In Examples 8, 9, and 12, since the insulated wire had a multilayer structure, and a material excellent in adhesiveness was used in the lower layer, the resultant wire exhibited particularly excellent resistance to external scratches.

Further, since the insulated wire in Example 10 had a multilayer structure, and a general-purpose material was used in the lower layer, resistance to external scratches was somewhat inferior to other Examples, but it was still remarkably superior to the conventional ones (Comparative Examples).

On the other hand, in Comparative Examples 1 to 4, since either, or both, of the softness of the insulated wire, as indicated by 0.2% yield stress, and the chemical structures of the resin used in the insulating layer, were out of the range as defined in the present invention, the resultant resistance to external scratches was quite poor.

According to the above results, it is apparent that, if the requirements as defined in the present invention are satisfied with respect to both of the use of the insulated wire having specific softness (in terms of 0.2% yield stress) and the introduction of a specified chemical structure into the resin, to impart high hardness to the insulation coating, resistance to external scratches can be remarkably improved.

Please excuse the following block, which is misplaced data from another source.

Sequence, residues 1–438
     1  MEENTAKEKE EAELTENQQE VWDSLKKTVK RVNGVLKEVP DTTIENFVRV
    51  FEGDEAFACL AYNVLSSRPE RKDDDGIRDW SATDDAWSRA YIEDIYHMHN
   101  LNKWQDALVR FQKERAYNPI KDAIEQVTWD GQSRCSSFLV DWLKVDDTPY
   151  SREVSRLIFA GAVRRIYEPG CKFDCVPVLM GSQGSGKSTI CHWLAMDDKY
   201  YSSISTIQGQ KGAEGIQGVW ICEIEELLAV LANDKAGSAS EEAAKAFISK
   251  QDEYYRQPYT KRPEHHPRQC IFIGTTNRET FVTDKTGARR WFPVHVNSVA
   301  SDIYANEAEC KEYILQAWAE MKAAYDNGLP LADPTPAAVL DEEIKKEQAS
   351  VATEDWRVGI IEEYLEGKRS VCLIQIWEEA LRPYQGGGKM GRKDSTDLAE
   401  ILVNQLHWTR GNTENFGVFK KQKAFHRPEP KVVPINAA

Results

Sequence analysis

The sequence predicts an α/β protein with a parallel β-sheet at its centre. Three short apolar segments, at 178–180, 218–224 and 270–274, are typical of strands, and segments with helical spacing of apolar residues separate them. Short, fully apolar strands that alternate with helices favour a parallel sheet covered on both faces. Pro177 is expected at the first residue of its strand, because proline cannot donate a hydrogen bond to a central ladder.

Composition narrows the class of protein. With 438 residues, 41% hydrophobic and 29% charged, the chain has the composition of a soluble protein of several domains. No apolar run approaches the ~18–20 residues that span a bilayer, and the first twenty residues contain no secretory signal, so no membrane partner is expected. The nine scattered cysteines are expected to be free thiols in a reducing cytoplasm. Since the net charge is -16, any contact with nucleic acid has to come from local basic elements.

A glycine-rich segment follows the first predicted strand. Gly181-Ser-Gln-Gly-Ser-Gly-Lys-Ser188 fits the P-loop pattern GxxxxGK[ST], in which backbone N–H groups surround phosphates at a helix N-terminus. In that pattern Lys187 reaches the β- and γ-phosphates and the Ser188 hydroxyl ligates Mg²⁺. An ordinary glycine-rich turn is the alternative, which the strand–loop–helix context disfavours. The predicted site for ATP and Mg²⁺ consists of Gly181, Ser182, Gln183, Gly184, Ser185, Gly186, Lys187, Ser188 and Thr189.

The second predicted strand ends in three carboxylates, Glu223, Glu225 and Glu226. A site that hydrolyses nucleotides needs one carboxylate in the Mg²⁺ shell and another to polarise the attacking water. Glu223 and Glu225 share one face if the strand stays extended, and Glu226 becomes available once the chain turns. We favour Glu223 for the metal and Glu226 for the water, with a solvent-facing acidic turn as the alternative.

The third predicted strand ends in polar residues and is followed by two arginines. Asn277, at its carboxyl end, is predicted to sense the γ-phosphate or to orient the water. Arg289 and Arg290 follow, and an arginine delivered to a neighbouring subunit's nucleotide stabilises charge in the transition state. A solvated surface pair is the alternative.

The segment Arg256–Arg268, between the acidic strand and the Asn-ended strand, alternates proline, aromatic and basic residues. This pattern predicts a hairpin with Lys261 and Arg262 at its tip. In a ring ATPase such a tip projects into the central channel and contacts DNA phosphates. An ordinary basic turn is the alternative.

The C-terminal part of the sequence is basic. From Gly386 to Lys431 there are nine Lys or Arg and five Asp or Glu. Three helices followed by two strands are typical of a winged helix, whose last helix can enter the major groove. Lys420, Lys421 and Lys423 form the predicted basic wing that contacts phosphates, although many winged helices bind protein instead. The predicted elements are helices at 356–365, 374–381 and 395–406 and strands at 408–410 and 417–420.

INDUSTRIAL APPLICABILITY

The insulated wire of the present invention is preferably suitable as an insulated wire for use in a generator or a motor, particularly in a stator, which wire is accompanied by winding processing, which has been carried out under rigorous conditions in recent years, and in which processing the level of requirements for the wire obtained after such winding working has become high.

Having described our invention as related to the present embodiments, it is our intention that the invention not be limited by any of the details of the description, unless otherwise specified, but rather be construed broadly within its spirit and scope as set out in the accompanying claims.

Patent Citations
Cited PatentFiling datePublication dateApplicantTitle
US4348460 *Oct 19, 1981Sep 7, 1982Essex Group, Inc.Power insertable polyamide-imide coated magnet wire
US4350738 *Oct 13, 1981Sep 21, 1982Essex Group, Inc.Power insertable polyamide-imide coated magnet wire
US4378407 *Dec 31, 1980Mar 29, 1983Sumitomo Electric Industries Ltd.Magnet wire
US4379807 *Mar 13, 1981Apr 12, 1983Rea Magnet Wire Co., Inc.Magnet wire for hermetic motors
US4385435 *Jun 4, 1982May 31, 1983United Technologies CorporationMethod of power inserting polyamide-imide coated magnet wire